This is Kratos. Gorgeous, feisty, healthy-the perfect genes for breeding. But the conservancy he resides in deemed him aggressive, a troublemaker. Their solution-sell him in a trophy hunt.
The problem is that the conservancy can only legally hunt impalas and warthog. This violation has been the subject of a heated, urgent court battle this week, as the hunt was scheduled for the end of the week.
Fortunately justice and common sense prevailed, and he has been spared.
“…At the end of the day, none of this should have been necessary. Nature Conservation should not have granted a permit; a hunter shouldn’t have wanted to pay R1.2m to have one photo taken of him standing next to a slaughtered rhino. However, there are people out there who operate to a different agenda to normal, decent human beings and fortunately this time we have managed to foil them from achieving their objectives. Although we have won this battle, this is not an end to it and I will continue to fight against the needless slaughter of our wildlife.” —Tim Fenner, the owner of Kichaka Luxury Lodge, who launched the urgent interdict.
Thank you to OSCAP for keeping us up to date on the proceedings!
Categories: Good News, Rhino Ramblings
Tags: Africa, animals, conservancy, endangered, good news, nature, rhinoceros, rhinos, South Africa, Survival, trophy hunting, wildlife
Ol Pejeta-Like rockstars of the conservancy, the Northern White Rhinos live surrounded by 24 hour bodyguards watching their every move. The four rhinos have an extraordinary relationship with the team of armed guards who lean on them, scratch them, and display affection for them.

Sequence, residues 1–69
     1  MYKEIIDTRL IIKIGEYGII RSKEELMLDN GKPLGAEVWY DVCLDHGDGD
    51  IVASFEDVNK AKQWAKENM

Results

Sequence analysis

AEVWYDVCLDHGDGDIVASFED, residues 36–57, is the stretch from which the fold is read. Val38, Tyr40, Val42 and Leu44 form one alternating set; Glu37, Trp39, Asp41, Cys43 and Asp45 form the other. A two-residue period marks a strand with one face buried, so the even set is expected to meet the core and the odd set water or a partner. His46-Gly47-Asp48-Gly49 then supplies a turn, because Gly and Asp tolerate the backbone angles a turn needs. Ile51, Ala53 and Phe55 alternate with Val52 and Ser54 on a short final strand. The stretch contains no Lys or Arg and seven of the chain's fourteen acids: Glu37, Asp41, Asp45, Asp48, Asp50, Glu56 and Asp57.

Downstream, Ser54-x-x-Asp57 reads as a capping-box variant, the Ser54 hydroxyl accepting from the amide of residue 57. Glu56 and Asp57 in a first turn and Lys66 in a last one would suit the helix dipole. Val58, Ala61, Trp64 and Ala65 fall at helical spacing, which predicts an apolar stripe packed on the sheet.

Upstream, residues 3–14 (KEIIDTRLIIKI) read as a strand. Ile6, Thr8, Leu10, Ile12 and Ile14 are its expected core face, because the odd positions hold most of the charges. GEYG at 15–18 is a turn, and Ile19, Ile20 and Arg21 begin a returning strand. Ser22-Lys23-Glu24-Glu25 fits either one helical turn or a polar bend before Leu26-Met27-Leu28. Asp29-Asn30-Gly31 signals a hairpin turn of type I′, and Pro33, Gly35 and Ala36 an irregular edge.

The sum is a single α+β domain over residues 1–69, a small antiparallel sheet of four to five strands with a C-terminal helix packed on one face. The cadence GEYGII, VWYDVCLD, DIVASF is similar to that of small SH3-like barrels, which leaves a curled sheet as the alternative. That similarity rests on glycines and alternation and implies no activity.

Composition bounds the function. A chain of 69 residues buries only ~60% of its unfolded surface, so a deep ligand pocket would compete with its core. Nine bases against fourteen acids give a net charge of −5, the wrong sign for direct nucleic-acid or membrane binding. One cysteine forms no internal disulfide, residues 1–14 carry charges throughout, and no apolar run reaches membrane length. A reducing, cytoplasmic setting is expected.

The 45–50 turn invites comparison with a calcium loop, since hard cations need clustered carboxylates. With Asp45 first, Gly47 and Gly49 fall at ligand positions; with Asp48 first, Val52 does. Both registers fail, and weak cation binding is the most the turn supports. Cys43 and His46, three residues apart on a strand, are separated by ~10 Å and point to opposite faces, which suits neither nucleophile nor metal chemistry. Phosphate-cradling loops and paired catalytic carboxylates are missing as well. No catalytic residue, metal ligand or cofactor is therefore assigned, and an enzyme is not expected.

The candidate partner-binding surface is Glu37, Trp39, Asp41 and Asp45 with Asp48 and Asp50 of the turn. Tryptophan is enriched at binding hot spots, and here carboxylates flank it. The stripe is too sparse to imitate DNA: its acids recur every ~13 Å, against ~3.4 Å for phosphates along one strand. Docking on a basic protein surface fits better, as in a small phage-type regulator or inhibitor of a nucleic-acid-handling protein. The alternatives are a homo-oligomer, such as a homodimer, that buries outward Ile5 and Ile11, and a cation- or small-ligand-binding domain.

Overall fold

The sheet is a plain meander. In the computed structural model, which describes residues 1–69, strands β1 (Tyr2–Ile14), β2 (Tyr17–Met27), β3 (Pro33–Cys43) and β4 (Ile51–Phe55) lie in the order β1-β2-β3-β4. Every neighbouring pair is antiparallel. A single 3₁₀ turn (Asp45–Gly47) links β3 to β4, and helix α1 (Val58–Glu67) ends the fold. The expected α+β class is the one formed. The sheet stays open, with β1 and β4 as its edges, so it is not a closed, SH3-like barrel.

But the extreme desperate truth is that thanks to poaching, these are the last 4 Northern White Rhinos left on the planet. There are two males; 37-year-old Sudan and 31-year-old Suni and two females; 22-year-old Najin and her daughter 13-year-old Fatu.
The rhinos were moved to Ol Pejeta as a final chance. It is the hope that the natural environment of the reservation will activate hormones in the two females, encouraging breeding attempts. Recently Najin and Suni were seen mating, which needless to say is remarkable news. The entire survival of their kind rests on them-the situation could not possibly be more urgent or tragic.
The White Rhinos are divided into two sub-species; the northern (the four at the conservancy) and the southern. There are approximately 14,000 of the southern species left.
Categories: Rhino Ramblings
Tags: armed guards, conservancy, Endangered species, Fatu, fightforrhinos, Najin, northern, Ol Pejeta, poaching, rhino girl, rhinos, Sudan, Suni, white